As a member of a millennia-old profession, 28-year-old artist Laura Rokas can do her job — painting, sculpting, drawing, weaving — without the help of most modern technology. But the Bay Area artist makes one exception: Instagram.
Since its launch in 2010, the photo and video sharing app has become a mainstay in the art world. Originally an app that used filters to add a retro aesthetic to photos taken on phones, the Facebook-owned platform has become a home to artists, art collectors and curators like no other social network.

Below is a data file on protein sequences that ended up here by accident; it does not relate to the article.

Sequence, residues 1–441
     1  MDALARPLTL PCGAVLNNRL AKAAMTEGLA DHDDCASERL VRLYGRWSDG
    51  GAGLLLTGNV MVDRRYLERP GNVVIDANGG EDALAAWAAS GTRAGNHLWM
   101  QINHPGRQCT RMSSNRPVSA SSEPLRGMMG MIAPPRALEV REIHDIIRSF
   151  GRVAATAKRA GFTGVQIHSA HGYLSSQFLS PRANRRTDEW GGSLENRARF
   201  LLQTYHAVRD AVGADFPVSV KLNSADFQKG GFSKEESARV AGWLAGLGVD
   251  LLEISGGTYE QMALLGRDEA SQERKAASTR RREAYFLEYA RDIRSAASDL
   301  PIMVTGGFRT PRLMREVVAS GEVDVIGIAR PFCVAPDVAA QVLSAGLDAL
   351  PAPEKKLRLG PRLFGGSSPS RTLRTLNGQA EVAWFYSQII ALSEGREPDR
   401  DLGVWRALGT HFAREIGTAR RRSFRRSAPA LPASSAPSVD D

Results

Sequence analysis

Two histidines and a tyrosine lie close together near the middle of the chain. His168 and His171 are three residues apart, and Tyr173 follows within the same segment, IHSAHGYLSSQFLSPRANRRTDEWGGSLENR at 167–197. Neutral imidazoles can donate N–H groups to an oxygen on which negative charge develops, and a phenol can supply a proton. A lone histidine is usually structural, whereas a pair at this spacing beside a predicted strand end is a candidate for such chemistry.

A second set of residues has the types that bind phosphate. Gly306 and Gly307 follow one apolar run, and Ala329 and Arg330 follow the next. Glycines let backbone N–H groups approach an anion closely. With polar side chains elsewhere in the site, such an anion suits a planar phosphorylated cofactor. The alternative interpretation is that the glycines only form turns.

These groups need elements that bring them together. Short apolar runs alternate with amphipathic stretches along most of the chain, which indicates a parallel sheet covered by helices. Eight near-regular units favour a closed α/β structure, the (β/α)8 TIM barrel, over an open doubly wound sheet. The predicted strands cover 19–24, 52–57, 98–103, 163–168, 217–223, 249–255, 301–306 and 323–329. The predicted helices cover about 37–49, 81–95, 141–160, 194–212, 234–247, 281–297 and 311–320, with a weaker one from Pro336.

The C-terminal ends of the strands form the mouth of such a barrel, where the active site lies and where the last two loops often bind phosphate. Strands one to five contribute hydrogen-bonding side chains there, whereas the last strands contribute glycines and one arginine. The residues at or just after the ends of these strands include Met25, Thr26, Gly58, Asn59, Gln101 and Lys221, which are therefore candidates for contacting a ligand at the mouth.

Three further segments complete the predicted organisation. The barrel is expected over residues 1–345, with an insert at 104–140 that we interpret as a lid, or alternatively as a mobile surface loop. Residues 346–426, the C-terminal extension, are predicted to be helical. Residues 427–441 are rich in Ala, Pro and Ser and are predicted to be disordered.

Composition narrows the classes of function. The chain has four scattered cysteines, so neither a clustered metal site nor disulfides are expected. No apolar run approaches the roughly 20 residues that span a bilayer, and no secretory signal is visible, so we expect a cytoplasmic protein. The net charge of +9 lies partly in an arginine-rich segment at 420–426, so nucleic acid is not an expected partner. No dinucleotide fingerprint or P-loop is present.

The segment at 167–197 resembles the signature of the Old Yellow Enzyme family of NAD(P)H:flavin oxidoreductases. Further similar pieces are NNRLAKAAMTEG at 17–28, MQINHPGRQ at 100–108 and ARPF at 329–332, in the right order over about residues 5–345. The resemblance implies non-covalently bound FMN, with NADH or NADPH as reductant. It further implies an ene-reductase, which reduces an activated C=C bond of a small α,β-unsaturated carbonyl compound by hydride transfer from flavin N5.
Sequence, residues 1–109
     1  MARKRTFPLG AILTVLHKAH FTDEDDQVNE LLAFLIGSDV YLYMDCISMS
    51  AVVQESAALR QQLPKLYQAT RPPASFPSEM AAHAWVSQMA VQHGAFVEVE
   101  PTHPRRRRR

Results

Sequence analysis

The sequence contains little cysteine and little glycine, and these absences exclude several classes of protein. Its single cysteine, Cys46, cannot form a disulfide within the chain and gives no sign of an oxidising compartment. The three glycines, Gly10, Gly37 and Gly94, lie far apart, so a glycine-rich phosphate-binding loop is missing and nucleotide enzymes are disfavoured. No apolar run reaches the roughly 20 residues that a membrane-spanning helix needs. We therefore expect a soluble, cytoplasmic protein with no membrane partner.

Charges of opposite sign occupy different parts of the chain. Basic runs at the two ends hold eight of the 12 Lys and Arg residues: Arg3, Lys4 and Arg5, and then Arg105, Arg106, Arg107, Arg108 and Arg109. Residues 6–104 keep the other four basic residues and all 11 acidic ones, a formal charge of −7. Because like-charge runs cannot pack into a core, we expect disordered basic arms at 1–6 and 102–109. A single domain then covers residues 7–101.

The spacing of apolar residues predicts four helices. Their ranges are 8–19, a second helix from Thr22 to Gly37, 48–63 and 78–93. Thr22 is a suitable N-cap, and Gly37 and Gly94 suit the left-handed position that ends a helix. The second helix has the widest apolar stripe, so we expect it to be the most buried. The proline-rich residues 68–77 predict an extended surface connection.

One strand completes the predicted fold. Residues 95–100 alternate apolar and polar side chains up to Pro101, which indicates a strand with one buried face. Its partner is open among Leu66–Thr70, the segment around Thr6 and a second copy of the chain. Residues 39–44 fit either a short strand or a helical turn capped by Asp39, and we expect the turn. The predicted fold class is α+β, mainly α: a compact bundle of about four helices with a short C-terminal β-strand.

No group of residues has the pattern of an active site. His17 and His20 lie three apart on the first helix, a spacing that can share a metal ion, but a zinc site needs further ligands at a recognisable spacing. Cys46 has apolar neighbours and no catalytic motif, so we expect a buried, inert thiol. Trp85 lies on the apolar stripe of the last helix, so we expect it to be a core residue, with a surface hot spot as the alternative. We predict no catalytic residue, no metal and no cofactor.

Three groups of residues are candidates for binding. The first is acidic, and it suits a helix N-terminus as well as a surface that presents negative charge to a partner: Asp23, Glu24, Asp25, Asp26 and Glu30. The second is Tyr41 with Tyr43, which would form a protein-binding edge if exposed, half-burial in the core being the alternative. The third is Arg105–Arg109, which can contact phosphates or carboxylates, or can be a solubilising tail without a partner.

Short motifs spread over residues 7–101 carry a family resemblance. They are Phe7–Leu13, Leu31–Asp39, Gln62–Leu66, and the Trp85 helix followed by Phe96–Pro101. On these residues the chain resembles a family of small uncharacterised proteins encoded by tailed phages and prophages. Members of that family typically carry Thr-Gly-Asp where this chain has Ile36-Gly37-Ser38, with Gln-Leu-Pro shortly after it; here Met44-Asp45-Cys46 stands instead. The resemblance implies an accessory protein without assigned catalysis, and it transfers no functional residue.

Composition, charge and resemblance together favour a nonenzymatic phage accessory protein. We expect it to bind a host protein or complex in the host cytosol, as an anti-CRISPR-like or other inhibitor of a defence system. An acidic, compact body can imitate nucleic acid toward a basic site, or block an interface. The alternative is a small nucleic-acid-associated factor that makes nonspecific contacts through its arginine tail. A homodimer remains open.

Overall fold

It’s more visual than Twitter. It’s more social than Pinterest. And simply cooler than Facebook. It’s fitting then that artists are using the app to promote, discover and sell art.
“I’ve sold work through Instagram,” Rokas said. “I’ve gotten show requests from people who have found me on Instagram, and galleries and curators have contacted me over Instagram.”
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